German Requiem

マーケットプレイス価格:¥ 3,614 (税込)

レーベル:EMI Classics
JAN:0724356695528 売上ランキング:音楽で19468位

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  1. A German Requiem Op.45: Selig sind, die da Leid tragen
  2. A German Requiem Op.45: Denn alles Fleisch es ist wie Gras
  3. A German Requiem Op.45: Herr, lehre doch mich
  4. A German Requiem Op.45: Wie lieblich sind deine Wohnungen
  5. A German Requiem Op.45: Ihr habt nun Traurigkeit
  6. A German Requiem Op.45: Denn wir haben hie keine bleibende Stadt
  7. A German Requiem Op.45: Selig sind die Toten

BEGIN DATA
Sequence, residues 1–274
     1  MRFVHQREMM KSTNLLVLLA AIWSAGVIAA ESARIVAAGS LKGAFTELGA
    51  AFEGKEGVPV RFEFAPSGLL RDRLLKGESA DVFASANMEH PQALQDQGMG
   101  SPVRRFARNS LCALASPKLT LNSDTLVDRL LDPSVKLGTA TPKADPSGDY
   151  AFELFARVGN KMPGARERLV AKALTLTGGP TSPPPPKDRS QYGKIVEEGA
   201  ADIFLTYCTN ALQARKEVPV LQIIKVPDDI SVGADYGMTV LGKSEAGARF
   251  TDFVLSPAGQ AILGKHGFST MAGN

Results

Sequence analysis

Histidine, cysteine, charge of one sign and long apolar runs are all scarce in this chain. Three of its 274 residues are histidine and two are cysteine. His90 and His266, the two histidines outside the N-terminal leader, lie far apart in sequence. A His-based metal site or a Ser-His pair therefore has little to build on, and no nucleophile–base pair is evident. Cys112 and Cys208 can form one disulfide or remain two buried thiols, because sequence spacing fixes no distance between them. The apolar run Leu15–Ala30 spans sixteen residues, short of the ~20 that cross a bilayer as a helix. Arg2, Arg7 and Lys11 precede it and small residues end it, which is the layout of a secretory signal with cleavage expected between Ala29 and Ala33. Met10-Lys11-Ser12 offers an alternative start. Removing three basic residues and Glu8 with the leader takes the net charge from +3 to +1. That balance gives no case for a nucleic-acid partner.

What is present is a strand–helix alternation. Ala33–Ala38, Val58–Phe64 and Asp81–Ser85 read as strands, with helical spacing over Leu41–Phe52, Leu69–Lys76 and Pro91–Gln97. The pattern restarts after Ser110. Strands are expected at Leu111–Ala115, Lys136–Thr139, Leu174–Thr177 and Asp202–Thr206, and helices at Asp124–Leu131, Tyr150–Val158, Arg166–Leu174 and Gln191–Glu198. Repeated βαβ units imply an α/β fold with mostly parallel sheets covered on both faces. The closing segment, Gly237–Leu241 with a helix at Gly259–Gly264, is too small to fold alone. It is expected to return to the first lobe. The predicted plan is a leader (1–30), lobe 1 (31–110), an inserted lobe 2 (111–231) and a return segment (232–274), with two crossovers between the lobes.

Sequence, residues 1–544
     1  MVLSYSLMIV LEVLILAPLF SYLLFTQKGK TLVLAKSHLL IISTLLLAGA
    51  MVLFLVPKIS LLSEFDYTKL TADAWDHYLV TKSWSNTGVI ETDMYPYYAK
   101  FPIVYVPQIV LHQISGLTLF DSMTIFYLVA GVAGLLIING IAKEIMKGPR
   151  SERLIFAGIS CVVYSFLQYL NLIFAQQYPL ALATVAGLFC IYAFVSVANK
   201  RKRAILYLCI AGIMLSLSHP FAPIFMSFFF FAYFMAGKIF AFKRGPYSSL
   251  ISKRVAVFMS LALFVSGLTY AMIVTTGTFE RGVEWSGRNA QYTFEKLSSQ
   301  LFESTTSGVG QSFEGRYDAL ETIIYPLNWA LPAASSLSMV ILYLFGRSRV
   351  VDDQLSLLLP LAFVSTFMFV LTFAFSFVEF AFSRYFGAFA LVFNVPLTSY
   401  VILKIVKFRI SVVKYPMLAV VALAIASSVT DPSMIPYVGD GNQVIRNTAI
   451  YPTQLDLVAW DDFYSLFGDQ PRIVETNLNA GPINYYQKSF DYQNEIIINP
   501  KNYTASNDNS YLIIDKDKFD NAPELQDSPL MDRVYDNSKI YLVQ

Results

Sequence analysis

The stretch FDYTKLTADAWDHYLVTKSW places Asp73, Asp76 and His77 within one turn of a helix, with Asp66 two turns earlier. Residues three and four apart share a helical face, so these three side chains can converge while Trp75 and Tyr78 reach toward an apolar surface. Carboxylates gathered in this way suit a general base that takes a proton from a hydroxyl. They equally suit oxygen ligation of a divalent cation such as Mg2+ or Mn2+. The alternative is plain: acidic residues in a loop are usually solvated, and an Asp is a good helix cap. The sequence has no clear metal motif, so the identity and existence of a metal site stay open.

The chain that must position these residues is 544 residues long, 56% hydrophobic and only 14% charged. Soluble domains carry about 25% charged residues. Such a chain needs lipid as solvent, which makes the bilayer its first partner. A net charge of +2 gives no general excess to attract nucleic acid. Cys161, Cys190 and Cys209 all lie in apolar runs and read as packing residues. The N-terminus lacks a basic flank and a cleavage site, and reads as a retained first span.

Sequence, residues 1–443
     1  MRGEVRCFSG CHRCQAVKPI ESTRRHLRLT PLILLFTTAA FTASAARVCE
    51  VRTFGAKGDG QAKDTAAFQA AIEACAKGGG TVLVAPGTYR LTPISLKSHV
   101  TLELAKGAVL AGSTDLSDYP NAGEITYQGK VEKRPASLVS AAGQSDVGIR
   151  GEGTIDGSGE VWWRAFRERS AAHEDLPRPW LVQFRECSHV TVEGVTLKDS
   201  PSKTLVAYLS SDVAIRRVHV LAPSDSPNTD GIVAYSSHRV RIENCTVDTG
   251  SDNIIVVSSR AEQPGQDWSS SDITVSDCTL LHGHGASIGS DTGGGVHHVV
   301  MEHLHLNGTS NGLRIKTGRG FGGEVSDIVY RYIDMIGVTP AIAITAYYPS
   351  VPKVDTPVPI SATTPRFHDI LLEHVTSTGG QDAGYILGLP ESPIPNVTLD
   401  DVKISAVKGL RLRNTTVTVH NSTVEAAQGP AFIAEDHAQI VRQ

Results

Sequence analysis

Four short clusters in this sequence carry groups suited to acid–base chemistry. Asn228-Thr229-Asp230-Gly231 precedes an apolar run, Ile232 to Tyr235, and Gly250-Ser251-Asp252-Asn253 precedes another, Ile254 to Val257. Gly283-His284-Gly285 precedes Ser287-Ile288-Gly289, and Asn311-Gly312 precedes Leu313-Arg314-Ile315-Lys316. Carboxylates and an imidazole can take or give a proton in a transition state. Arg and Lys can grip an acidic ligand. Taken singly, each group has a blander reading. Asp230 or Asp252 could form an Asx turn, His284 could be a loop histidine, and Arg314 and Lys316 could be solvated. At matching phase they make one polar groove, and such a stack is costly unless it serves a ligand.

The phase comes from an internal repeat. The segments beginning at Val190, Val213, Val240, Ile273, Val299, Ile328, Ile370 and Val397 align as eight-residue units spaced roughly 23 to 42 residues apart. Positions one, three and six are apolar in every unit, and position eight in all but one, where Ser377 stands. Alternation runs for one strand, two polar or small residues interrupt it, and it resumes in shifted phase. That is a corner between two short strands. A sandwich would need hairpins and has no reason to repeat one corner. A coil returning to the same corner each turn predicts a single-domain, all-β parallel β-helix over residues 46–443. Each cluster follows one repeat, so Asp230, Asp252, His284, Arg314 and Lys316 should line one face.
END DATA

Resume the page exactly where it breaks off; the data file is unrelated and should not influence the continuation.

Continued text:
This account of the German Requiem really is one of the great recordings of the century. Even today, Otto Klemperer's monumental interpretation with the Philharmonia Orchestra and Chorus, recorded in 1961, remains unmatched among readings that emphasize the spirituality of the score. Sober and sustained, but not unduly slow, it places Brahms on the continuum of German sacred music going back through Beethoven to Handel, Bach, and Schütz. Drawing committed playing and singing from his forces, Klemperer opens the door to the beauties of the music without fuss or fanfare. Both soloists are exemplary: Schwarzkopf's expressive portamento now sounds a bit dated in style, but her singing is characterful, while Fischer-Dieskau is a paragon of restrained expressiveness. The singing of the Philharmonia Chorus is especially beautiful. EMI has done a superior job of remastering the original recording. Balances and tone quality are quite fine, and the spacious Kingsway Hall ambience conveys with lifelike immediacy. Compared with previous CD incarnations, there is new depth to the image and better resolution of detail--the weight of the organ can really be felt, as can the timpani strokes in "Denn alles fleisch es ist wie gras," and one finds greater presence and definition in the chorus and considerably more richness of tone in the orchestra. There is still some distortion in the climactic moments; for example, what sounds like tape saturation frizzes a couple of the big Beethovenian choral proclamations at the end of "Denn alles fleisch es ist wie gras." Such things are but a small blemish on what is an absolutely ravishing restoration of one of the most valuable recordings of the stereo era. --Ted Libbey

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